ANN ARBOR, Mich. (Feb. 16, 2014)
When your violin’s bustered, who you gonna call? Not Mr. Stradivari or Mr. Guarnieri; they’re long gone. But if your fiddle comes from a contemporary luthier, sometimes it can meet its maker (with joy!) – and sooner rather than later if you are in the right spot.
As luck would have it, the St. Lawrence String Quartet’s new second violinist, Mark Fewer, was in exactly the right spot – Ann Arbor – when he discovered, just before a Valentine’s Evening concert at Rackham Auditorium, a separation problem with the fingerboard of his Feng Jiang violin. Oops.
Feng, a well-known and well-medaled second-generation violin maker, makes
Ann Arbor home and has his workshop here. Luckily, “Dr. Feng” was in, and ready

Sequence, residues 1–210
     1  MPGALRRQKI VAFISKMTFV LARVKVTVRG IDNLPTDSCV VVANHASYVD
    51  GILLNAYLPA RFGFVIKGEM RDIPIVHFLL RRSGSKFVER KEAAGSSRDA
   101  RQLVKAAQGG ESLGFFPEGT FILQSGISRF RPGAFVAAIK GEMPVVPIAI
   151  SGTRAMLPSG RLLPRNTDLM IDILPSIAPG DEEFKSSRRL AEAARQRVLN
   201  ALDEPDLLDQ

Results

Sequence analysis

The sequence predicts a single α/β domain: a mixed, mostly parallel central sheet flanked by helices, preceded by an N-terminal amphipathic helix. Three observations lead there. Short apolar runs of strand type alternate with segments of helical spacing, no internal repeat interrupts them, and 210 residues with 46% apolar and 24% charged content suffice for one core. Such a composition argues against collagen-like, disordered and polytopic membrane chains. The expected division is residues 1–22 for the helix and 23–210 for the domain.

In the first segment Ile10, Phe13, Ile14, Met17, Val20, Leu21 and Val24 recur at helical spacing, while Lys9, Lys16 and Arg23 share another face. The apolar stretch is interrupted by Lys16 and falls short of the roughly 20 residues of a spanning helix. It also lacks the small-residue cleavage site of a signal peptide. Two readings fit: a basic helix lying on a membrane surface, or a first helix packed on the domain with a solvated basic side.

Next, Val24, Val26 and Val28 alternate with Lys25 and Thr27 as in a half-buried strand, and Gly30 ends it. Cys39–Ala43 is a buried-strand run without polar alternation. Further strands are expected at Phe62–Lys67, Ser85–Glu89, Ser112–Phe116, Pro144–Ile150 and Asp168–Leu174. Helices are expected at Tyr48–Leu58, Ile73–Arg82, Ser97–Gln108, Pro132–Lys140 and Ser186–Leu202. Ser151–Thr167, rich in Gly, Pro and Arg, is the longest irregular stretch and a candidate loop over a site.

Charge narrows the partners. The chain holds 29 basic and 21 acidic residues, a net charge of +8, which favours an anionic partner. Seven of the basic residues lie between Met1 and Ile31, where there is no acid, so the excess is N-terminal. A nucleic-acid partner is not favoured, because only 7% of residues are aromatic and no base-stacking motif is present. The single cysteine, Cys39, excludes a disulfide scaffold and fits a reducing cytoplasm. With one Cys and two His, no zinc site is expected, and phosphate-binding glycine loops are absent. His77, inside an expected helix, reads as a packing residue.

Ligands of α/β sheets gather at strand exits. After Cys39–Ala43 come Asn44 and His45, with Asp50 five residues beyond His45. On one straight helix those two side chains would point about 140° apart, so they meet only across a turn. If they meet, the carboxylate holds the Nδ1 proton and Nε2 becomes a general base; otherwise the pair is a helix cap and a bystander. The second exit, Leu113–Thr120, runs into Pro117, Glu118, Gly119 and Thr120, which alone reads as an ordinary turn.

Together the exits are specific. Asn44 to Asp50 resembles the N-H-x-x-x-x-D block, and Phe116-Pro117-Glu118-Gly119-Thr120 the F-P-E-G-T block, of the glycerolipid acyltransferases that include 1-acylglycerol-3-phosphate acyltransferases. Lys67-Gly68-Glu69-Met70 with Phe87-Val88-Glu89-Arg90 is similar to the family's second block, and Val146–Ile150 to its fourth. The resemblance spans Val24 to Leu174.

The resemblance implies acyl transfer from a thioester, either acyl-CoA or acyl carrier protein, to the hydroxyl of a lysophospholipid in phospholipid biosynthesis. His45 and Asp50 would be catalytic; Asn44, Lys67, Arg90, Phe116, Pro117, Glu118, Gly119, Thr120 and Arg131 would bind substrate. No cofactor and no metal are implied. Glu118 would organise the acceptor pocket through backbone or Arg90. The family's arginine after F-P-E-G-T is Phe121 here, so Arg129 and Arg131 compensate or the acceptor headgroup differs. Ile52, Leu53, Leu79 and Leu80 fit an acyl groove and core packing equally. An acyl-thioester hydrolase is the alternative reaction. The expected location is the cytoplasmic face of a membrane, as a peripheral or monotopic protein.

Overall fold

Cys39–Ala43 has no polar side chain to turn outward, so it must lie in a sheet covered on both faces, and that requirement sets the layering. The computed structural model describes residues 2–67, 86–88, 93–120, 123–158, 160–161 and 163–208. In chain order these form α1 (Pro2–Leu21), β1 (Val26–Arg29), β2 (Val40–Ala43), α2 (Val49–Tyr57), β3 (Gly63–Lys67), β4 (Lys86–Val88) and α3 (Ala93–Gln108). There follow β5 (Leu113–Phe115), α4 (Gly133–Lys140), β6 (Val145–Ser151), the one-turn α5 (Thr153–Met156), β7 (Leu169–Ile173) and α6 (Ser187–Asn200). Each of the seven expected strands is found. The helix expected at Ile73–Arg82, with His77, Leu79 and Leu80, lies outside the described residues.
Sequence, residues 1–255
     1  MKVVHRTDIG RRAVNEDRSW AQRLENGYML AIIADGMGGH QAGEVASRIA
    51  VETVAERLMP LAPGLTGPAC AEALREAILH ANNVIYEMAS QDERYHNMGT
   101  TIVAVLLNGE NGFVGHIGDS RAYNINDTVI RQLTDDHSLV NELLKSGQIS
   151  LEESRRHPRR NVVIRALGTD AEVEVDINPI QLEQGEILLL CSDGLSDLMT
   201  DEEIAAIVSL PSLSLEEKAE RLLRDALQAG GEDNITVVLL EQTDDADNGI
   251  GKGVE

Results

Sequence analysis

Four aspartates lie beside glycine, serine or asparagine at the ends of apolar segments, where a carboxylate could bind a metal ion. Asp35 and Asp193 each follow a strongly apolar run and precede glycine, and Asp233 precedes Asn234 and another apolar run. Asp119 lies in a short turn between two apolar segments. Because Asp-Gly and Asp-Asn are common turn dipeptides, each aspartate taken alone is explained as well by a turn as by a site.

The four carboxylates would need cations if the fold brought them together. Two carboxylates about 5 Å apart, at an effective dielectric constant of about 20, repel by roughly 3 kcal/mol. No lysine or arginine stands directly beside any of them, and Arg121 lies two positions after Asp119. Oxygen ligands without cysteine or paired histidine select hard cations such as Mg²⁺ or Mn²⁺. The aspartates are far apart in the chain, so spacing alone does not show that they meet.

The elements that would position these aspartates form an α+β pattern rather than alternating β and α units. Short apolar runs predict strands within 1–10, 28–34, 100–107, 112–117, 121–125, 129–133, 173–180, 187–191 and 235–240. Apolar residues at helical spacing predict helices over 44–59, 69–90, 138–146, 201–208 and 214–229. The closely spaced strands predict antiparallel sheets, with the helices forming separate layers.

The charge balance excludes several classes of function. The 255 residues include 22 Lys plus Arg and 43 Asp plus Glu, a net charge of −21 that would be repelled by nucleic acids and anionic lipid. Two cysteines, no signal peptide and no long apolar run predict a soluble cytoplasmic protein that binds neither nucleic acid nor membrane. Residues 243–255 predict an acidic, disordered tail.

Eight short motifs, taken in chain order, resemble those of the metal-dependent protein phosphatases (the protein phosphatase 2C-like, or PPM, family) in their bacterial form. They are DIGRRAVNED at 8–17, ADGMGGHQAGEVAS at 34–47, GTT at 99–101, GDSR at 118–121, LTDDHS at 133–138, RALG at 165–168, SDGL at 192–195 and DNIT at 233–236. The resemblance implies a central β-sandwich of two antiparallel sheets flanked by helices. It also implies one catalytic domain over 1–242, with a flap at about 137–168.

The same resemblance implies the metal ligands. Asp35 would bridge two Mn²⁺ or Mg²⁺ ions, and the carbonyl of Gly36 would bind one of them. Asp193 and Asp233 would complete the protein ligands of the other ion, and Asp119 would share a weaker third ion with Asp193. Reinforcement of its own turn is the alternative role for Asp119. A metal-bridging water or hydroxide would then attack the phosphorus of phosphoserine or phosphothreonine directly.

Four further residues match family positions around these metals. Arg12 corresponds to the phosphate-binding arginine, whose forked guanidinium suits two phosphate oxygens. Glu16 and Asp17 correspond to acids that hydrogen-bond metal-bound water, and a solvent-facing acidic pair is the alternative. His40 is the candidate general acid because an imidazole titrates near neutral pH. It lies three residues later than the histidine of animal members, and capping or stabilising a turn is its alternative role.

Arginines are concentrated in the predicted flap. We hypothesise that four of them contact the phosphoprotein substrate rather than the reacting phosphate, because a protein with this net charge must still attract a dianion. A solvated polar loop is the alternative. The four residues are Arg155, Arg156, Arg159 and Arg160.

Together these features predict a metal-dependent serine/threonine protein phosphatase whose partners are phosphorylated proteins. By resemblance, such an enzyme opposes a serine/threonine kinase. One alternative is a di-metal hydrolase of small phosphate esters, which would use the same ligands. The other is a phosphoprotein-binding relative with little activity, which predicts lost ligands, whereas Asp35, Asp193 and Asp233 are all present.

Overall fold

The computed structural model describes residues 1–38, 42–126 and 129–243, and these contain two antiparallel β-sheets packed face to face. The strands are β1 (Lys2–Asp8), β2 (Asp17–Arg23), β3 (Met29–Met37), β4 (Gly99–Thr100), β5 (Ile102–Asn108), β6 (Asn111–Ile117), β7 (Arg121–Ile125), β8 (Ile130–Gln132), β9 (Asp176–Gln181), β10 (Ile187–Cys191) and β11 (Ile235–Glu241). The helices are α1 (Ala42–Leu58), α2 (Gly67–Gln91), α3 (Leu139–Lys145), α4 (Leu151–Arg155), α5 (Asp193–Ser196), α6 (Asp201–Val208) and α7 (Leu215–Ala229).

to make a “house call” at Rackham. Backstage, Feng operated 30 minutes before
curtain, and Fewer, violin intact and ready for action, came onstage at the appointed
8 p.m. time, violin in hand, along with his quartet colleagues. He’d had it back for a
full 10 minutes, he said.
Fewer had played the violin earlier in the day at the University of Michigan School
of Music, while working with students. It apparently got jarred; the fingerboard
damage was the result.
Fewer told the story from the stage of Rackham, before the quartet’s encore, and
Feng, sitting in the audience, got a turn in the spotlight and some grateful applause
Click HERE to read the review of the St.Lawrence String Quartet’s February 14th Concert